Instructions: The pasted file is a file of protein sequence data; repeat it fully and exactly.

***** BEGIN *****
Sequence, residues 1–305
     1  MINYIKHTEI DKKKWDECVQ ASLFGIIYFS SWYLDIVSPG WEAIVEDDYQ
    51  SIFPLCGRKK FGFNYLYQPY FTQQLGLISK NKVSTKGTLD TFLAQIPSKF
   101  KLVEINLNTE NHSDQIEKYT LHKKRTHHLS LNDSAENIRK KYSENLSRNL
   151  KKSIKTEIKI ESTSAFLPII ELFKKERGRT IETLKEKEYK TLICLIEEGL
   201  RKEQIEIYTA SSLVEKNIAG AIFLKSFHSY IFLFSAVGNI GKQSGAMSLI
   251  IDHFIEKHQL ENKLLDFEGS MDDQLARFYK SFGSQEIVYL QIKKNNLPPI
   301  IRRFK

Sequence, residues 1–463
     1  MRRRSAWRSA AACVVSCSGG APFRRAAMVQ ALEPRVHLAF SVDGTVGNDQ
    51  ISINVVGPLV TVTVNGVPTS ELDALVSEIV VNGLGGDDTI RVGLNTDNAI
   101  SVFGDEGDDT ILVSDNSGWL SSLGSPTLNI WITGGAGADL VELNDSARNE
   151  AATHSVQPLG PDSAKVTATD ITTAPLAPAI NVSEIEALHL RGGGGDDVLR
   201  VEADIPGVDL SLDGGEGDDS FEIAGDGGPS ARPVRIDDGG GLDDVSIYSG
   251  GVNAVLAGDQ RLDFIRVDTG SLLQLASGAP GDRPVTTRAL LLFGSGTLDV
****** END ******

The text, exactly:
Sequence, residues 1–305
     1  MINYIKHTEI DKKKWDECVQ ASLFGIIYFS SWYLDIVSPG WEAIVEDDYQ
    51  SIFPLCGRKK FGFNYLYQPY FTQQLGLISK NKVSTKGTLD TFLAQIPSKF
   101  KLVEINLNTE NHSDQIEKYT LHKKRTHHLS LNDSAENIRK KYSENLSRNL
   151  KKSIKTEIKI ESTSAFLPII ELFKKERGRT IETLKEKEYK TLICLIEEGL
   201  RKEQIEIYTA SSLVEKNIAG AIFLKSFHSY IFLFSAVGNI GKQSGAMSLI
   251  IDHFIEKHQL ENKLLDFEGS MDDQLARFYK SFGSQEIVYL QIKKNNLPPI
   301  IRRFK

Sequence, residues 1–463
     1  MRRRSAWRSA AACVVSCSGG APFRRAAMVQ ALEPRVHLAF SVDGTVGNDQ
    51  ISINVVGPLV TVTVNGVPTS ELDALVSEIV VNGLGGDDTI RVGLNTDNAI
   101  SVFGDEGDDT ILVSDNSGWL SSLGSPTLNI WITGGAGADL VELNDSARNE
   151  AATHSVQPLG PDSAKVTATD ITTAPLAPAI NVSEIEALHL RGGGGDDVLR
   201  VEADIPGVDL SLDGGEGDDS FEIAGDGGPS ARPVRIDDGG GLDDVSIYSG
   251  GVNAVLAGDQ RLDFIRVDTG SLLQLASGAP GDRPVTTRAL LLFGSGTLDV